Rock Climbing Lessons With a Group

I took my first-ever rock climbing lesson at the great EasternSlopes.com Mount Washington Valley Weekend Gathering earlier this spring. I climbed with International Mountain Climbing School (IMCS), which operates from North Conway, New Hampshire. Despite my initial apprehensions about the sport (you can read that story here), it was love at first climb, and two weeks later I was back for more.

At my first lesson I heard that IMCS needed “clients” for a guide recertification program, and we arranged to be the lucky guinea pigs. My first experience rock climbing was so positive and so much fun that I wanted to share it. So I came with five friends from college in tow: Jessie and Breanne, who are my roommates and best friends; Dan and my boyfriend Sam, who love mountain sports as much as I; and Casey, an “artsy” sort of guy who had never rock climbed before but was brave enough to come along anyway. I figured the only thing better than rock climbing with a friend and fantastic instructor would be rock climbing with five friends and more fantastic instructors. I was right!

Dan Kern takes on The Brain, the most challenging pitch of the day. (Breanne Sparta photo)

We caravanned up from Boston on Saturday evening and stayed at the Royalty Inn in Gorham, New Hampshire, a wonderful home base for a bunch of budget-minded college kids (or a family seeking an inexpensive getaway spot). I learned that they do amazing ski and stay packages with Wildcat Mountain in the winter and I can’t wait to go back when there’s snow on the ground. It was clean and comfortable, the staff was friendly, and the lobby even provided coffee for us in the morning,  exactly what we needed before a day in the mountains. Great value!

Since this my second lesson and I knew what to expect, I didn’t have any nervous butterflies in my stomach when I pulled into the International Mountain Equipment (IME) parking lot. My first lesson had put me at ease, and I knew I loved climbing. My friend Casey, who had never climbed before, told me afterwards that he was nervous. But being with a group of friends bolstered his confidence. Here’s a tip: If you are trying a new sport go with friends. It’ll give everyone courage and help you relax and enjoy the new experience.

Upstairs in the IME/IMCS shop, our group became even bigger when we met others who would be joining us  as guinea pigs for the day. We experienced what it would be like to participate in one of IME’s larger group trips with lots of climbers and several guides all working/playing together.

While we were all being fitted in helmets, harnesses, and shoes, I got to know some of the other people including Leif and his wife, Autumn (perfect names for a couple who love the outdoors!). Leif, an experienced climber, offered to help me out with this article. He had this to say about being geared up:

“The IME staff was high class! I appreciated their attention to detail. ‘Do you have pants, a jacket?’ they asked. ‘Are those the shoes you’ll be wearing for the hike in?…Try these on!’ Whatever the clients lacked in gear, IME stepped it up to ensure everyone’s comfort and safety.”

IME offers rentals for any sort of gear you may not have remembered or known to bring. They warned us it would be cold in the mountains and rain threatened despite mild conditions at the shop’s location. They offered us all backpacks and rain jackets (stylish ones at that!). Sam borrowed a pair of pants, and Casey took a sweater. We were all grateful for IME’s extra thought. As Leif said, “It was not exactly the sunny and cloud-free day which had been promised by the Weather Channel. But, then again, we were in the Presidential Range where my guess—or yours—is as good as the weatherman’s. Anyone wearing only shorts definitely paid the climate penalty as we spent all morning and afternoon socked in by fog and body-chilling winds.”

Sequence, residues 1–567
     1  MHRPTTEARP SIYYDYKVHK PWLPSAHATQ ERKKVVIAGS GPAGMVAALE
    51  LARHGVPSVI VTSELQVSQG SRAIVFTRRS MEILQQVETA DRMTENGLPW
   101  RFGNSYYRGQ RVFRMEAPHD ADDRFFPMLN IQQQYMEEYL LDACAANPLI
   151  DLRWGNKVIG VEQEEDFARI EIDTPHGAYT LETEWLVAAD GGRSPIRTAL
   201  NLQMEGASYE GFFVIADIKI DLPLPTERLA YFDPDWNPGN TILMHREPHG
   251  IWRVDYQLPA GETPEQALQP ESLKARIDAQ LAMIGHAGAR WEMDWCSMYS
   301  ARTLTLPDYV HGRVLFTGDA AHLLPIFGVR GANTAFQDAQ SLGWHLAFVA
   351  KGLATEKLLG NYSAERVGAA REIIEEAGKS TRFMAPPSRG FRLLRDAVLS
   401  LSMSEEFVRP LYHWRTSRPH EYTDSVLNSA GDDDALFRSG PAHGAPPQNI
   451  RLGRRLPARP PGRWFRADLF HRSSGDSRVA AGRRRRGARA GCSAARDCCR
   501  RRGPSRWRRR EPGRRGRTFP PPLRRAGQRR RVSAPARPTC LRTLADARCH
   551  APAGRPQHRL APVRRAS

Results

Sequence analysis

Can you spot me at the top of The Chimney? Although this was the longest pitch, the slight incline on it makes it a good climb for new learners. (Breanne Sparta photo)

Cold it may have been, but with plenty of physical activity to keep us warm, we didn’t have time to get uncomfortable. Some of the guides had gone ahead of our group and set up five pitches along Square Ledge: Standard Route, The Prize, The Chimney, The Brain, and Practice Session. You might be familiar with this location since it is directly across Route 16 from Mount Washington and only a short, easy hike from the AMC Pinkham Notch Visitors Center. Had it been a clearer day, we would have had a terrific view of New Hampshire’s beloved highest mountain from here. I hear the view is definitely worth the short walk.

One way to ensure a great day of climbing is to stay safe, and our guides were serious about protecting our precious bodies in every possible way. Before we were anywhere near the climbing area, the guides stopped and asked us to put on our helmets in case something fell from the cliff above.

Before we started climbing, we were given an obligatory  30-minute basic skills lecture. Sounds awful doesn’t it?  It was actually fun! As Leif describes: “This lecture included not only tips on safety, but ‘knotology,’” climbing and belay techniques, and a few useful pieces of rock jargon. Our guides’ s instructional flare made sure this ‘classroom lecture’ was anything but a bore.”

In fact, we put all these tips into action during the day with the help of one-on-one instruction. I spent the most time with Jed, an instructor who’s probably my grandfather’s age but who seems more like he’s my age. He not only taught me practical things like how to tie a Figure 8 knot; he also showed me that I don’t need anti-aging cream. I just need to keep rocking climbing to stay young forever! Because of Jed, I realized that “Climb on!” is not just standard communication to alert someone that he or she is “on belay,” it is a metaphor for life!

Jed teaches a few of us how to properly put on a harness to ensure our safety. (Caroline McDonald photo)